At one point Genentech’s eye drug lampalizumab was a comfort to Roche CEO Severin Schwan as he contemplated the loss of patent protection on the Swiss pharma giant’s three big franchise drugs. Today, as generic competition gets serious, it’s another cautionary tale about the high-risk world of drug development.
Roche said on Friday that lampalizumab flopped in its first of two late-stage studies, likely delivering a killer blow to a drug that once figured as a potential megablockbuster that Deutsche Bank analysts estimated could bring in $6 billion a year.
Roche shares $RHHBY dropped 2%.
Lampalizumab did not reduce mean change in geographic atrophy lesion area compared to placebo at one year (48 weeks). Given the lack of efficacy, says Roche, “further dosing in patients will be interrupted until the results from the second Phase III study are evaluated.”
It won’t be long before Roche decides what to do next.
“While this result is disappointing,” says Roche CMO Sandra Horning, “we will continue to evaluate results from Spectri to get a clearer understanding of the data as we await the results of our second Phase III study, Chroma, anticipated in November.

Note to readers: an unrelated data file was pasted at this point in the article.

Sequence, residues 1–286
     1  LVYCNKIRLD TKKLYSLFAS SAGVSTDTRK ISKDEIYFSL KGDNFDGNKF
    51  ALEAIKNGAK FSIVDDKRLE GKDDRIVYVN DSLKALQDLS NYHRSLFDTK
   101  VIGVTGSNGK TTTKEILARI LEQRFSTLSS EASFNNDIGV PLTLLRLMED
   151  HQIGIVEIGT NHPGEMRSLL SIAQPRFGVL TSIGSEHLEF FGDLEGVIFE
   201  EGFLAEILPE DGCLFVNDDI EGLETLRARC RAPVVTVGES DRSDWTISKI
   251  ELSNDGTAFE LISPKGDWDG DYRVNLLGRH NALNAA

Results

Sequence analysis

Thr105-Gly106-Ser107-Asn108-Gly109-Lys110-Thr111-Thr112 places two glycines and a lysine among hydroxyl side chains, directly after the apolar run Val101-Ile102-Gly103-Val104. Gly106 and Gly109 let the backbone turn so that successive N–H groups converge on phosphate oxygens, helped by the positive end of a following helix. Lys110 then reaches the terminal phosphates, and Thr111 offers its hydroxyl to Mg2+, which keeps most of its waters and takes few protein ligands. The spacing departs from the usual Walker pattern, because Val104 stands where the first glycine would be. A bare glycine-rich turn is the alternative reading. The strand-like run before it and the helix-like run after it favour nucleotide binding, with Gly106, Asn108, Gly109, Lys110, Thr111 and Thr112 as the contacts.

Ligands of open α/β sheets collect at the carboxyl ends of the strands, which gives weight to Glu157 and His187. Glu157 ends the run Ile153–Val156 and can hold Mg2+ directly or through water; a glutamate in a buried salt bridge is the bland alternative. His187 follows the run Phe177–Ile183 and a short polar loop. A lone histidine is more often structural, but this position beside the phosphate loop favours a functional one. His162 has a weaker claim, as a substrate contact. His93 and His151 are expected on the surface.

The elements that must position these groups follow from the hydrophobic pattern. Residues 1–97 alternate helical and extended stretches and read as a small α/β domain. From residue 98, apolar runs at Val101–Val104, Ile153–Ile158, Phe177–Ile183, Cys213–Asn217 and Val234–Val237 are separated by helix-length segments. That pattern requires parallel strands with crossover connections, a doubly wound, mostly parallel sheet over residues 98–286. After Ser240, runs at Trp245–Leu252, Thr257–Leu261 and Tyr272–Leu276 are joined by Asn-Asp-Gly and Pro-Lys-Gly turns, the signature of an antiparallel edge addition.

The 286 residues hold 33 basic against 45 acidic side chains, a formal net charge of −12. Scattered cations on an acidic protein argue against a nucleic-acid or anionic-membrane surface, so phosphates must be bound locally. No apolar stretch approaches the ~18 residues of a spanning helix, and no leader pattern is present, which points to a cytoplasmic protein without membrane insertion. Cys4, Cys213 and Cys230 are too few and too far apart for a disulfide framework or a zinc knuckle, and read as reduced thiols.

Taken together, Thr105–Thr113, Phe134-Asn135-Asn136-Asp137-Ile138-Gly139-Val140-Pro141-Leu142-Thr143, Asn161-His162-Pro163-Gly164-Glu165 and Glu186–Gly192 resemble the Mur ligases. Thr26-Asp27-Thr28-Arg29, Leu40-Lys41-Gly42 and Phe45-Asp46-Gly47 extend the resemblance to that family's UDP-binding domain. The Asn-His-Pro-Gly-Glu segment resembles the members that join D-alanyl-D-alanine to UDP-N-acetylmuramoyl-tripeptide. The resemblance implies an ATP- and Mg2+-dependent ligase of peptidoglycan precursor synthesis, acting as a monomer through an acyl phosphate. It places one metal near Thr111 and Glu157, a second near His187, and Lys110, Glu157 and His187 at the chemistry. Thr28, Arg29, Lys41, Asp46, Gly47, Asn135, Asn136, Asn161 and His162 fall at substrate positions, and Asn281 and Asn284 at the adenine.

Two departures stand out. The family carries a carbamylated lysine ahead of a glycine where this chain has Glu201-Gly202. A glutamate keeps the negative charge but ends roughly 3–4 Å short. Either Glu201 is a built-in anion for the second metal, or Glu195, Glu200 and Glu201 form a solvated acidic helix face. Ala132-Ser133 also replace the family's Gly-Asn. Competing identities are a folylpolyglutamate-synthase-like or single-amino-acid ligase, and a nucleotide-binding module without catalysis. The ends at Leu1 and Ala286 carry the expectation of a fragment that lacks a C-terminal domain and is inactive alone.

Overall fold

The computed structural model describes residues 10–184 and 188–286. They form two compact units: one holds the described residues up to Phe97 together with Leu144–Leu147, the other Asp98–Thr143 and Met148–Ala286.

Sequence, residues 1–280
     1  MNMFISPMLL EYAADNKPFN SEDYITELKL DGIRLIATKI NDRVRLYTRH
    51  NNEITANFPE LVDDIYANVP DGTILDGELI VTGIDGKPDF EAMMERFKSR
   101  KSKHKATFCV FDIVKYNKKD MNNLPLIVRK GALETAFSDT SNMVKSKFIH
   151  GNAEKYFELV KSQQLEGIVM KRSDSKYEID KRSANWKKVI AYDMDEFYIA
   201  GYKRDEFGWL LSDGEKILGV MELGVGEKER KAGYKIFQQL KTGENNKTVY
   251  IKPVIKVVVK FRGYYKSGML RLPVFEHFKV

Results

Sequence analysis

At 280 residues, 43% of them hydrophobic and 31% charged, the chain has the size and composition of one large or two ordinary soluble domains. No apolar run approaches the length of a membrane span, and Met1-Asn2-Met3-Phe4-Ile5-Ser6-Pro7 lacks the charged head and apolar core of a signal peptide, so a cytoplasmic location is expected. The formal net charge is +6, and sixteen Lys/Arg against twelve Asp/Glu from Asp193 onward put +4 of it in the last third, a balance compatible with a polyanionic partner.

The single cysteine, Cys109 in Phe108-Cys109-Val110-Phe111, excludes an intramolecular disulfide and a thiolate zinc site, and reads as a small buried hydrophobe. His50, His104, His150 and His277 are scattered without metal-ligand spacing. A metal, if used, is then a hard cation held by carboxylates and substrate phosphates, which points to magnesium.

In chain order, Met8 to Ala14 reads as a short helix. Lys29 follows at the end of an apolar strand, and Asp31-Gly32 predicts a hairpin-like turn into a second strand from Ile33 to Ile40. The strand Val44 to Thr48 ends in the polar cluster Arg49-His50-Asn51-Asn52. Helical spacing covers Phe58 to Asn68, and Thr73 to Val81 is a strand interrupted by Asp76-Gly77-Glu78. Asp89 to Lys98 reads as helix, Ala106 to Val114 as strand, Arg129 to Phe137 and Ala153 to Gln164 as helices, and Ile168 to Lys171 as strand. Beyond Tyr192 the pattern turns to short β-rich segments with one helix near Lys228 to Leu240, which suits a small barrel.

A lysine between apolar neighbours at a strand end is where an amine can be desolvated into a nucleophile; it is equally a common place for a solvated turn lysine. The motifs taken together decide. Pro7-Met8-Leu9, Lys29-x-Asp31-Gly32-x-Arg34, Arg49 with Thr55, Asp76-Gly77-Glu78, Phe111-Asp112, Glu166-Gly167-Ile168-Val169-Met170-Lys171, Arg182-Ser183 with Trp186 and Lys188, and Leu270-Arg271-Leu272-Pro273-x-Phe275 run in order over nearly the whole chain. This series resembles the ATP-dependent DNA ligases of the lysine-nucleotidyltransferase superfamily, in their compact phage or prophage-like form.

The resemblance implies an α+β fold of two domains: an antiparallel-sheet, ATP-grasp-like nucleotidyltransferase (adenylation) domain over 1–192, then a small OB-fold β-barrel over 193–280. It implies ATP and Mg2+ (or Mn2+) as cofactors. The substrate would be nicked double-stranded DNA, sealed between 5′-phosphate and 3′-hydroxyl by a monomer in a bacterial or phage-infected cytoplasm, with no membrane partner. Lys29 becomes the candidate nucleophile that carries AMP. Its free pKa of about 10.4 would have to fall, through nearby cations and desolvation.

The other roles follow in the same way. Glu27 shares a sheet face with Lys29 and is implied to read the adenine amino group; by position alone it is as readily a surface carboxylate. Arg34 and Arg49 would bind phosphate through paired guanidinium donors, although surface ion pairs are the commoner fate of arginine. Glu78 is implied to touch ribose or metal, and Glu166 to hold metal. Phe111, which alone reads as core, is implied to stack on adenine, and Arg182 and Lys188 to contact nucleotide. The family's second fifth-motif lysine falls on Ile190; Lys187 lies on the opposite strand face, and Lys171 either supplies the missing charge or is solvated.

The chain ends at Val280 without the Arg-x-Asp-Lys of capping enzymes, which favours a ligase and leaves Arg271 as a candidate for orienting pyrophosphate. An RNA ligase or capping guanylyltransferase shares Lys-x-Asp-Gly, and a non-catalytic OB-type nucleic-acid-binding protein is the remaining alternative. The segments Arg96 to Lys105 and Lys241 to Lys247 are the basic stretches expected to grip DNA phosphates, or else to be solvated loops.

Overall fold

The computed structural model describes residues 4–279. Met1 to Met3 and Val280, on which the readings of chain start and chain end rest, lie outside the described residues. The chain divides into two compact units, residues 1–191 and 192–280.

Just days ago a small Kentucky biotech called Apellis says it was able to make a mark in exactly the same field. The biotech has been focused on what it believes is a better way of shutting down several disease pathways using a complement C3 inhibitor. In the AMD study, which recruited 246 AMD patents with geographic atrophy at 40 clinical sites, Apellis’ drug APL-2 — delivered monthly — produced a 29% average reduction in the rate of geographic atrophy lesion growth over 12 months.
The pharma giant is getting hit at a particularly bad time. Shire is saying damning things about its rival hemophilia drug ACE910, while Roche sold off a floundering asthma drug, lebrikizumab, and failed to convince anyone that its combination of Perjeta and Herceptin would win over payers. A key Phase III failure for its checkpoint Tecentriq last spring cast a pall over all of 2017.
Drug development is a tough business, as we are reminded every day. And this week marks another key late-stage setback for one of the biggest players in R&D.
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